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Could you accept a 50% pay cut for a job you really want?

(24 Posts)
TeaPleaseTa Sat 22-Feb-20 20:47:00

I have been at my current job for 15 years, can do it standing on my head and am fed up with the internal politics, stress and general atmosphere.

However it is fairly well paid and we live in an expensive area.

Whenever I take a step back and think about life, recently I’ve thought I’d love to chuck it in and work for a charity. Women’s Aid was a thought. However I can’t live on fresh air and I have no experience in that field.

There’s a job locally with another charity, where I think I could transfer my skills, for half my current salary. It looks to be a good organisation and they are keen to interview me. The work would be totally different to anything I have done before but that in itself is exciting, if scary.

Can I be the newbie (am currently the old goat in the corner who’s been there forever)? Can I drop the money for the life change? I don’t want to feel that hung up on money but we all need it.

Anyone done a similar move and felt better? Or regretted it?

OP’s posts: |
RainbowMum11 Sat 22-Feb-20 22:22:37

the main question is, can you afford the drop in salary? A 50% reduction in gross salary generally doesn't = a 50% drop in take home.

If I could make it work, then yes I would go for it - life is too short to be unhappy at work if you have a viable alternative.

Hedgehogparty Sun 23-Feb-20 17:12:28

I’m currently considering doing the same as you.
I want a job with less stress which I can continue to do as I get nearer retiring. But the hourly rate they are offering is less than I was paid 25 years ago...

fedup21 Sun 23-Feb-20 17:14:32

I’d be tempted to go part time instead of working full time for half the money.

inwood Sun 23-Feb-20 17:17:27

No I couldn't, not without downsizing, cutting holidays, kids activities etc.

PatchworkElmer Sun 23-Feb-20 17:18:02

If can afford it, go for it. However, make sure you do your research first and ask good questions at interview- I made a similar move about 18 months ago- the (relatively small) charity was an awful place to work, and has had a serious impact on my MH. I think I naively assumed that a charity would be a half decent employer! I’m now back in my original sector and so happy and grateful to be there.

topcat2014 Sun 23-Feb-20 17:21:13

Thing is, just because you drop from say 50k to 25k doesn't mean the 25k job will appreciate your sacrifice and therefore let you coast. You could have the same stress for half the money.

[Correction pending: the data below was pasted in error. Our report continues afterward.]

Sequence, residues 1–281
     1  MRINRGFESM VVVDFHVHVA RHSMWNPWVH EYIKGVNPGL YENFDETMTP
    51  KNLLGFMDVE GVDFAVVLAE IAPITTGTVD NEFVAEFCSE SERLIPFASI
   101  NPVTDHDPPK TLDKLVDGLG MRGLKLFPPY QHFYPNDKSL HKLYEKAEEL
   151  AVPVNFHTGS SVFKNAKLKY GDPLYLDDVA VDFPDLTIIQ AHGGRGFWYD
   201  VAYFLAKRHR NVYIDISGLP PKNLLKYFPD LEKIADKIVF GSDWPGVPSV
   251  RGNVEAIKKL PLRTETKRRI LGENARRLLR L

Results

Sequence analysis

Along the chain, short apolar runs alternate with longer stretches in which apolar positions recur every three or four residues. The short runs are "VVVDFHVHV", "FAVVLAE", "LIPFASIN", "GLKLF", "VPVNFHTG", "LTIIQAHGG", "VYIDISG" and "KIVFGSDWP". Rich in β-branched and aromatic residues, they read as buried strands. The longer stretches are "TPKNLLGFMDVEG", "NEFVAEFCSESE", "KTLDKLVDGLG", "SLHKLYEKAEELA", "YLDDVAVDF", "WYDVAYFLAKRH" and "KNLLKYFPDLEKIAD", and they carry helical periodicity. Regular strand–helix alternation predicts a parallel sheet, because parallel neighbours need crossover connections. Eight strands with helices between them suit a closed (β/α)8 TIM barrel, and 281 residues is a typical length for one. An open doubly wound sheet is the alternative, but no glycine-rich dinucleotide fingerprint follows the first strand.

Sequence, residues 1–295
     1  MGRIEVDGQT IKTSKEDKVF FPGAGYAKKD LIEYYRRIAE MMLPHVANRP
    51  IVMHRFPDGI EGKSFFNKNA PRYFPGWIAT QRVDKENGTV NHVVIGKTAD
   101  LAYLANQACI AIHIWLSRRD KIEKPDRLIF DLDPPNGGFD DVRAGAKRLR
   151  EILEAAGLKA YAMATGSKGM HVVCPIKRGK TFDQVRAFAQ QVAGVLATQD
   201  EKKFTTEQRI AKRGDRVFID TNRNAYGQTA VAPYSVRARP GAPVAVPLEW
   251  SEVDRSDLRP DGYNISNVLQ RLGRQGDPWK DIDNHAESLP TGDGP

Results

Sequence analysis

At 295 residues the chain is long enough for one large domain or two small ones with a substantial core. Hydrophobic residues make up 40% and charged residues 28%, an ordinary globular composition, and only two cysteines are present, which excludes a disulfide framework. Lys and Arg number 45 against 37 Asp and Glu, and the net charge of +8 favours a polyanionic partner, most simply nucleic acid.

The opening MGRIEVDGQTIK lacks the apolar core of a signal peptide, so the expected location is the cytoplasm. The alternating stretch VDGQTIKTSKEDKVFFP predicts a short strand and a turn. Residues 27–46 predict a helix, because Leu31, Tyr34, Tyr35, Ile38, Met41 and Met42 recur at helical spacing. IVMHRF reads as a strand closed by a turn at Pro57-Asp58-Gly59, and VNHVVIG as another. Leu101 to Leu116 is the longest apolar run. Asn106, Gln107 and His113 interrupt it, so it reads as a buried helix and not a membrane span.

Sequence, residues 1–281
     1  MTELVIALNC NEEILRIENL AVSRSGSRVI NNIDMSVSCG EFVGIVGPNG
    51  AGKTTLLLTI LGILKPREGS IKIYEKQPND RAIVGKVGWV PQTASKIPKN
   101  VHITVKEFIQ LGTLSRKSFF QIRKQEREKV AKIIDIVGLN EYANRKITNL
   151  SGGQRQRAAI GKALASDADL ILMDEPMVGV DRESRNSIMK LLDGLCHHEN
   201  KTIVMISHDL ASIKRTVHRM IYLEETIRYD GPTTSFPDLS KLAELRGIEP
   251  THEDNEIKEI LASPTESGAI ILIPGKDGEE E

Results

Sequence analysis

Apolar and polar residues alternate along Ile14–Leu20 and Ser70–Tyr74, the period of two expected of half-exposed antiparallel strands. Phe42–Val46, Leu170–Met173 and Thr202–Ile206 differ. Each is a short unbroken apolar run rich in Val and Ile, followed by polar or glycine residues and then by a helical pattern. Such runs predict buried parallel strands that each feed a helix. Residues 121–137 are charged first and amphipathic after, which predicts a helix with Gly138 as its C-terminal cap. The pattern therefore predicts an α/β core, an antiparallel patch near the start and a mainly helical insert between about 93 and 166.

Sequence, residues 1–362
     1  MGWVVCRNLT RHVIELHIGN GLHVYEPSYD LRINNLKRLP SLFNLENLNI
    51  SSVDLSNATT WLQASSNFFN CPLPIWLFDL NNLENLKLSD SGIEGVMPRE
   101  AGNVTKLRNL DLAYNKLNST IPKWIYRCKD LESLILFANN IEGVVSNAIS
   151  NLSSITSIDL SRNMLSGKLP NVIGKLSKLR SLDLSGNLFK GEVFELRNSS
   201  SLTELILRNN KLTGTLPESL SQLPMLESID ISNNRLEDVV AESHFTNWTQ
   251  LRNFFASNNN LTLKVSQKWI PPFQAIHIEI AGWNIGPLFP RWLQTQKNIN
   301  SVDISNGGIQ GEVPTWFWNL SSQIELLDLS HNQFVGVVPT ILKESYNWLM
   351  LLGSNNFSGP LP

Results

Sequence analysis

TimeforanotherChange Sun 23-Feb-20 17:27:54

No. I can't afford to. I'm the sole breadwinner and don't have that luxury. However, if you have a supportive DP/can live with the drop in wages then why not? I'm fortunate to like my job, but there is nothing worse than being stuck somewhere you hate.

FrippEnos Sun 23-Feb-20 17:35:32

What does your DP think about this?

SnowyPetals Sun 23-Feb-20 17:35:50

How big is your current pension pot? I think it's easy to forget about the need to provide for yourself on retirement when thinking of these moves. That alone would be reason enough not to cuty salary massively at this point in my life.

Monstermissy36 Sun 23-Feb-20 17:37:25

I have just taken a different role in the same company which meant a pay cut. For me it was absolutely worth it as I'm now working in the area I originally trained in. My old job had changed too much over the years and I hated it.

BernadetteRostankowskiWolowitz Sun 23-Feb-20 17:39:18

Whilst job hunting can you make every attempt to reduce your outgoings? Start now. Save save save.

nellyburt Sun 23-Feb-20 17:49:41

It depends on many things.

Is your current salary £40k or £100k?

Can you afford to take the cut? How would you feel if you take the cut and there are the same issues at the charity.

I work for a charity and there are plenty of politics and issues.

Janedoe82 Sun 23-Feb-20 17:53:28

Depends what the charity job is (I work in charity senior management) and your motivation in wanting to do it. If you think you are going to be able to go in and sort someone’s life out for example I would think very very carefully.

icannotremember Sun 23-Feb-20 17:58:07

I couldn't. Half my income would mean we wouldn't be able to meet essential expenses.

If money wasn't an issue, sure.

AnotherEmma Sun 23-Feb-20 18:05:34

Well obviously none of us can answer the question without more info.